Their greatest hour may be yet to come, but at the same time, these adventurers are maturing and developing into more full and rounded individuals, meaning that the rapacious character of their early days has passed, giving way to a measured approach to life, or at least, more measured than they were previously.
As I write these things, and look back, I know that I have enjoyed my time playing pretend with the Hincredibles, and I will likely continue spending time with them. Yet, it is not the life for me. Mine, is a life of discipline, of hard work, of committing myself to the tasks before me without hesitation or concern for self.
I tried becoming... happy. Peaceful.
But it's not for me.
Instead, I must seek, strive, and become the Master of the Monastic Arts that my great grandfather Rinnel longed to become.
I must accept the mantle he has passed on to me, and become more.
Only time will tell if I succeed, or die trying.
But I will not live my life wondering what could have been.
~Entry 13 - Fun?~
I’ve met a most interesting hin, a paladin of Yondalla. His name is Bell, Bellamin Silvershaper, and he’s perhaps the most curious person I’ve met in this land.
Not because he’s fast, or strong, or tough, or smart... the realm has its fill of those people.
Not because he’s slow, or weak, or sickly, or stupid... the realm has its fill of those people too.
He’s curious to me because he genuinely sees value in hearth and home, peace and love, joy and hope, and happiness and fun.
I met him in the commons a few days ago... we chatted a little, which was nice? But I ran into him again outside the gnoll woods; he was with Erurk and Rubo. They invited me to join them, which was fine by me, and so we went into the woods for a trip with Rubo’s own unique brand of hunting.
He’s not the fastest. But he kept up, determined to be a part of what was happening.
He’s not the strongest. But that didn’t stop him stepping in to combat with his short sword and giving it his all.
He’s not the toughest, but he wanted to protect me.
He’s not the smartest, but he knows the right things to say.
We cleared out most of the gnolls without trouble, until we came across a gynarch who proceeded to knock Bell down with only 3 swings. He died, quickly and messily... and I did the best I could to keep my calm. Picked him up and walked out of the woods, where Rubo raised him after praying to Garl.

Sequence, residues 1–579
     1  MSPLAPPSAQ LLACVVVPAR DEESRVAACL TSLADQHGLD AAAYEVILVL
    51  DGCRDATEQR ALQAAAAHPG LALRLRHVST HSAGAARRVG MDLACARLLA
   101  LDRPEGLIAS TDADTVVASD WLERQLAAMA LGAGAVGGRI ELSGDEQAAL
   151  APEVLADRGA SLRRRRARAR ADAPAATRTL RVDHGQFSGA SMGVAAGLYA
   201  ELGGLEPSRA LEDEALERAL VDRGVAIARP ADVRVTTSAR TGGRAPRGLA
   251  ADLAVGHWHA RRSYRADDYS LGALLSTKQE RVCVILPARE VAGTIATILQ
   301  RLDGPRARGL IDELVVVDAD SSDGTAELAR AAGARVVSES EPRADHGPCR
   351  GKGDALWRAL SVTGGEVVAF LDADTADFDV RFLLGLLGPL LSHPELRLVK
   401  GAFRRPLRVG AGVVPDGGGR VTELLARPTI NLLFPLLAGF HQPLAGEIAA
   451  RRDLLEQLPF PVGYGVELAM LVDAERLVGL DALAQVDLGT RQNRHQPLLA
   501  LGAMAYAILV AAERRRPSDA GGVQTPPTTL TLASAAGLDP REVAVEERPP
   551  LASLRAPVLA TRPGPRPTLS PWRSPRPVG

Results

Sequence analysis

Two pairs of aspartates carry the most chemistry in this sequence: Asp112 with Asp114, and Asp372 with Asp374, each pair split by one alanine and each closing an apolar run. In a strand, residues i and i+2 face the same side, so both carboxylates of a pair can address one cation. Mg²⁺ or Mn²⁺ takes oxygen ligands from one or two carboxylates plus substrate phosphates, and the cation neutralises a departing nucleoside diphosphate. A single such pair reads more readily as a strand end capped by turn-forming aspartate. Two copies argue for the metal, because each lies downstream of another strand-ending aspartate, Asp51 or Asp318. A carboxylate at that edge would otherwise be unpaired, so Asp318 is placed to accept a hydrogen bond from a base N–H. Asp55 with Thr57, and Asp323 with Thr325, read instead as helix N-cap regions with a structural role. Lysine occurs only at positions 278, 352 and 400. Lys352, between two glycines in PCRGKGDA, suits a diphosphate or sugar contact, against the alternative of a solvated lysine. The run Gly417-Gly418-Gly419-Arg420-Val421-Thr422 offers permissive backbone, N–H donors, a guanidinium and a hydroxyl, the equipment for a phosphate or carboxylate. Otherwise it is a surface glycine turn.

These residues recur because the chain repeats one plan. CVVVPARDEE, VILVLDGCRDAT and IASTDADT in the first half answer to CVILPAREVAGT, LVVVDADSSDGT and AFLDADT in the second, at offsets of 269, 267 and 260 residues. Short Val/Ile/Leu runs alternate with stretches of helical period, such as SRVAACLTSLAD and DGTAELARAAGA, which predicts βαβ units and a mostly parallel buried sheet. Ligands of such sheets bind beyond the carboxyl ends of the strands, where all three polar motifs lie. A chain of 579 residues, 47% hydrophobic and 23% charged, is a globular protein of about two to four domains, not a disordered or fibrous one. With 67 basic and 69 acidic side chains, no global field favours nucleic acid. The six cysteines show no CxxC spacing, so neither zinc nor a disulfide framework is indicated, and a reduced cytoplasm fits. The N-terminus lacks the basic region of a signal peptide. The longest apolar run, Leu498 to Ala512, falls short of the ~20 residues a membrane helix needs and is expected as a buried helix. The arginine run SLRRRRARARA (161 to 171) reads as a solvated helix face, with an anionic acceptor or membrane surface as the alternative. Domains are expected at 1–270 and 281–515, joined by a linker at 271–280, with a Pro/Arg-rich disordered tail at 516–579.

And do you know what Bell did, when we’d brought him back? He apologised for the trouble, and got up, ready to try again.
Together, we cleared the gnolls, the spiders, and the goblins before getting back to Norwick.
Afterwards, we went up to Peltarch, sold everything, and got some rest... and he and I had a long talk.
I took a moment to look through Rinnel’s Book, but it was no help.
Rule ?? - (the hin fist rules have nothing on this)
Bell said that I wasn’t just a weapon.
Bell said that family and friends are important, that they should be why we fight.
Bell said that it was important to rest, to have fun, to be happy.
I... don’t know.
I don’t know what to say or do in response to that.
We went to Hero’s Bluff, ate pastries, and fished. It was... fun?
I don’t know if there’s room in my life for happiness and fun, or for family. Friends, sure, to a point; but anything more?
Relationships are complicated, and who would want a wife who might one day disappear and never been seen again?
There was one more thing Bell told me. He said that if I kept bottling up my emotions, that I would crack. That I was working too hard, losing sight of what’s important.
I think he’s wrong, that I’m doing what I need to do to fulfill my calling.
But what if...
What if he’s right?
~Entry 12 - New gloves, a new challenge~
The time finally came, and I got my new gloves. They're accurate and powerful, and make my strikes the same. They made a good difference with the worgs, but I knew I needed to try something tougher.
So who did I speak with, but Cecil? He just happened to be in the Peltarch Commons, and so did a few other worthy folk... so I suggested we head north, to the Giantspires and the Ogres who live there. Cecil agreed, and we set out.